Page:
Sunday, January 26, 2014

You shelf actualize while....

This afternoon I was reading a book called “Collapse” by Jared Diamond. Its been 75 pages of fun reading so far. Featuring was a place called “Big Hole” Montana. Nested in between mountains, this beautiful place has a struggling economy by conventional standards. There is a lot of in-migration from rich guys from elsewhere, who live in upmarket country homes, normally their 2nd or 3rd. Some turn up for a round of golf for the day in private planes. Traditional economy isn’t doing too well with farming a big activity. Distance from markets makes the place less competitive. Young people leave as soon as they have the option. So it has rich part time residents, with long term residents facing a shortage of young and qualified people. A lament being the impact its having on life locally. Many residents are proud of their place notwithstanding lower cash incomes.

This evening I watched an Al Jazeera feature on Sichuan in China. About how its at the centre of an ultra-large migation of humanity to cities. All return for the Chinese New Year with family. Only the very old and some too young remain. The young and qualified have migrated. The commentator was lamenting the brain drain and the lack of people to do stuff here. None of them want to farm. This isn’t innocent observation but loaded commentary. Lamenting the “loss of agricultural expertize to the city” - a minute later the parent saying the kids hate farming (what expertize would they have picked up?). Very objective….the journalist’s objective.

A few years ago I spent some time in Chamoli district in Uttarkhand at work. A similar situation exists. All the young and educated who have the option leave. Its noticeable in any random community. We reached a conclusion that there was nothing to keep them back here….awaiting some natural disaster and few livelihood options besides livestock and farming (brilliant, weren’t we?).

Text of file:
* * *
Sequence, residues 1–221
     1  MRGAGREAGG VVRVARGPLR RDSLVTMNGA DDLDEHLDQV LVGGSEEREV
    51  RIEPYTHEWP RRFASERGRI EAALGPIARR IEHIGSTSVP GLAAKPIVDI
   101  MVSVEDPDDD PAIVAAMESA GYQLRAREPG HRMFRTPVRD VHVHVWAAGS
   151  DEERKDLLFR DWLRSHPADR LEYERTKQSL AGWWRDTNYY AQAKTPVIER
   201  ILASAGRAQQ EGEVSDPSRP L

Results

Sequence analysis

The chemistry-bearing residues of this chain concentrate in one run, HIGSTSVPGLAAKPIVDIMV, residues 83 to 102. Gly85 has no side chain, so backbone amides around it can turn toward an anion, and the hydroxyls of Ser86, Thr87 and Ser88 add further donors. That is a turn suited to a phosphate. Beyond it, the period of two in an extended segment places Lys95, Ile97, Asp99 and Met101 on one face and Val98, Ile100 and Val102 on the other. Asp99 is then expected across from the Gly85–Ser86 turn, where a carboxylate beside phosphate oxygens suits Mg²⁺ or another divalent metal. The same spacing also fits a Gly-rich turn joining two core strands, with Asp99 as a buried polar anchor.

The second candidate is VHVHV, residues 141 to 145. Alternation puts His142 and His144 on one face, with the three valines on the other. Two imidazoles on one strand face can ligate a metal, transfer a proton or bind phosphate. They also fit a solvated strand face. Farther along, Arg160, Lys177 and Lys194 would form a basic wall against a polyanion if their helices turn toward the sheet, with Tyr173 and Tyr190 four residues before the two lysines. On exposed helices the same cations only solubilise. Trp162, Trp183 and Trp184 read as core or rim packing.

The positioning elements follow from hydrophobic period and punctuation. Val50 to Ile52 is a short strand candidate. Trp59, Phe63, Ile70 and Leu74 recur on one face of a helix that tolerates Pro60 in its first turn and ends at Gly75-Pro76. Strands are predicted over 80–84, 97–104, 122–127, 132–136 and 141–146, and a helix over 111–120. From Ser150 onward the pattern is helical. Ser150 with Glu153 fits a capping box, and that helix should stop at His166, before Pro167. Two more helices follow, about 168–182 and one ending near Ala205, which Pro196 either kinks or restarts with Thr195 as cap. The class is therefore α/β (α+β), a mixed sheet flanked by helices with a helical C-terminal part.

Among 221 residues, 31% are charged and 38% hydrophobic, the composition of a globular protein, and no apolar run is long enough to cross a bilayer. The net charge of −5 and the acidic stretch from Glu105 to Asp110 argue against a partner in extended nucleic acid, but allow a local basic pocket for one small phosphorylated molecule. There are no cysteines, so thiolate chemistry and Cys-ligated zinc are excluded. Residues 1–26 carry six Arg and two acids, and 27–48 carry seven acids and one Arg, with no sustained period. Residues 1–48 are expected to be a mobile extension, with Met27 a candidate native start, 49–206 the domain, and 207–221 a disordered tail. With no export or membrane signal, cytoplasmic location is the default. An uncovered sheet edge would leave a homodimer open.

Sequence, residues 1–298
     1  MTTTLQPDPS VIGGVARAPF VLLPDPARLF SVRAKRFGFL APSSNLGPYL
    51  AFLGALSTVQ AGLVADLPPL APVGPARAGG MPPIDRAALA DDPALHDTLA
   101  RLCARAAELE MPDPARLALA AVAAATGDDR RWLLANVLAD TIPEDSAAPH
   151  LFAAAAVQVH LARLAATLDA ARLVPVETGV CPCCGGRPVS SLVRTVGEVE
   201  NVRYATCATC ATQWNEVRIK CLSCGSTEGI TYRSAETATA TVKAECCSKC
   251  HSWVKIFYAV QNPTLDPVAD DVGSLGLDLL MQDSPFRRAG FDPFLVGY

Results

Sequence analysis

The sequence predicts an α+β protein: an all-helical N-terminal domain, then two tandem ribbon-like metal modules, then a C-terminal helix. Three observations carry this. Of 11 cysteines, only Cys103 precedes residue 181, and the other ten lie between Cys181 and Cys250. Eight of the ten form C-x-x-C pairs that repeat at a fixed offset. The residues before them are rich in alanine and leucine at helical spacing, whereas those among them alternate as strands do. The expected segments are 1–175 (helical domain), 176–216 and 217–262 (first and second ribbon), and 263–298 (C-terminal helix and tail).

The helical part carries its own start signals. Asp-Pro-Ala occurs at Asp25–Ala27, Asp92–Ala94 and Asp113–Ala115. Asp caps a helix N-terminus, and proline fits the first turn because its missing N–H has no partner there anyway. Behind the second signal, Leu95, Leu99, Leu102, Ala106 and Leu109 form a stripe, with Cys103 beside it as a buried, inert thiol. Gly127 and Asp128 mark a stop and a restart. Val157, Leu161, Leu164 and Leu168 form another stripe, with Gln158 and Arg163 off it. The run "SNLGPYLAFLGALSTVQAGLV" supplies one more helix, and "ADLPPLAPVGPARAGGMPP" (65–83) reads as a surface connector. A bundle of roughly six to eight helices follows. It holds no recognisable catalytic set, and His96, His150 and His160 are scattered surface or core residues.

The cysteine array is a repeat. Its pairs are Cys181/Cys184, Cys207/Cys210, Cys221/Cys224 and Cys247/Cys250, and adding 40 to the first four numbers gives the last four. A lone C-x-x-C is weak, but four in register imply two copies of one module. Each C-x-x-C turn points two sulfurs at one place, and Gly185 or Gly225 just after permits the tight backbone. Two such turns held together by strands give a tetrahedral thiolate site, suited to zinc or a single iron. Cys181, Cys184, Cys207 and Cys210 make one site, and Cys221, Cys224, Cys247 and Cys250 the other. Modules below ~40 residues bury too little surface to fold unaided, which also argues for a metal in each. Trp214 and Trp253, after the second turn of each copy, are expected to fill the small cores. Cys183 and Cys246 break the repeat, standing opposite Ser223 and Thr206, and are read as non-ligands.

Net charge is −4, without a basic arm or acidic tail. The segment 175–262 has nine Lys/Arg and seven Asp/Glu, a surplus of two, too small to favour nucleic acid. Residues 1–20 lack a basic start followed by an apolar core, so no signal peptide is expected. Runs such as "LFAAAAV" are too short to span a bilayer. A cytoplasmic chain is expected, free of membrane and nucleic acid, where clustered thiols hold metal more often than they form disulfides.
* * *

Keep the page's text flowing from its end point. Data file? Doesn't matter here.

The recurring theme of the commentators at each of the above:
i) Young people have left for city living
ii) A tradition and culture is dying
iii) how horrible

In each of the above cases, the commentators
i) were all rich and educated (relatively)
ii) not living in their native place at all
iii) had no intentions of doing so in the foreseeable future

and didn’t seem to think that they were doing or had done the same thing.

As if life isn’t difficult and complicated enough for those living in places with few options for personal fulfillment and jobs, they now have to bear the burden or preserving the culture and tradition to revive these dead end towns and villages. To enable that, other folks who’ve left their village and prospered in life in nice places feel better about the great traditions of the planet being handed down. Keep your curiousity for life on the shelf.

You shelf actualize and I’ll self-actualize. That’s the moral of this story.

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